Probably the pandemic’s most unexpected consequence was the increased caseload in many hospitals. In the spring of 2020, the chief concern was that practice revenue would drop significantly and that many clinics would lay off staff. We recommended a “focus on survival.” Turns out that while some hospitals were severely challenged during the early months of the pandemic, most saw revenue stay steady or grow dramatically.
Operational changes meant to keep clients and employees safe can be at odds with the increased demand for veterinary care, and this continues to be a challenge. The request for more services pressured practices to demand more from their doctors and non-doctors, which, in turn, caused increased levels of mental and physical fatigue.
Sixteen months ago, we warned about a brewing recession and how veterinary medicine needed to prepare. For most practices, we admit, the recession was a non-issue. The National Bureau of Economic Research announced in early June 2020 that the U.S. economy had peaked in February and was officially in a recession. Although some industries — airlines and hotels, for starters — suffered greatly during the pandemic, veterinary medicine wasn’t one of them. The government’s designation of veterinary medicine as an essential industry allowed clinics to stay open. While many hospitals saw declines in revenue and caseloads during the early months of the pandemic, they largely made up for it.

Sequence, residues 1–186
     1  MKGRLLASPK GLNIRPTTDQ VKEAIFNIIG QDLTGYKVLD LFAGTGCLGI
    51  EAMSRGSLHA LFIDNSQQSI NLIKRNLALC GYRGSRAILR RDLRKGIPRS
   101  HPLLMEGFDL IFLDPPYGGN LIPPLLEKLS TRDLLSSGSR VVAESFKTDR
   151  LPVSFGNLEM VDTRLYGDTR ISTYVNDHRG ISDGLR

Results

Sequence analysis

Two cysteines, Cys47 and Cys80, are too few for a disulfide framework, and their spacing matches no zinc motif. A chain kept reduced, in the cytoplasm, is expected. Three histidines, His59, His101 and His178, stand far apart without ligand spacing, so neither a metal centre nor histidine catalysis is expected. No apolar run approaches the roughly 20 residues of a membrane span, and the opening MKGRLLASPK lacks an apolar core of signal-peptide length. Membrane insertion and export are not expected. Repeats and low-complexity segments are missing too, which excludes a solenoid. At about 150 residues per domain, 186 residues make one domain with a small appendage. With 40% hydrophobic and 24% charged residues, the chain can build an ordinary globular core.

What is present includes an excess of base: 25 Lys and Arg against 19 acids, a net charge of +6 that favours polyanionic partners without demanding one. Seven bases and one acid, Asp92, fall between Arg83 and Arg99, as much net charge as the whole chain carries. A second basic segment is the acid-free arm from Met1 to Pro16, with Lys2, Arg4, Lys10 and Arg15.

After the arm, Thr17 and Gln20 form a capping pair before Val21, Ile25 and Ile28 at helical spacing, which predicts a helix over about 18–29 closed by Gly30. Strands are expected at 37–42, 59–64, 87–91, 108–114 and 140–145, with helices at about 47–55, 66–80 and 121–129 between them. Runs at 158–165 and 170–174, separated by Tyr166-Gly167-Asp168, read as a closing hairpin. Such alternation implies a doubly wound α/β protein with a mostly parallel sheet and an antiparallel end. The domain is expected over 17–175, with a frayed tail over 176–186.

A lot of pandemic trends worked in the industry’s favor. Among them:
- Clients worked from home and noticed more pet medical issues.
- Clients didn’t spend much money on personal outings — no mani-pedis, dinners out or movie-going — so they spent it on veterinary care.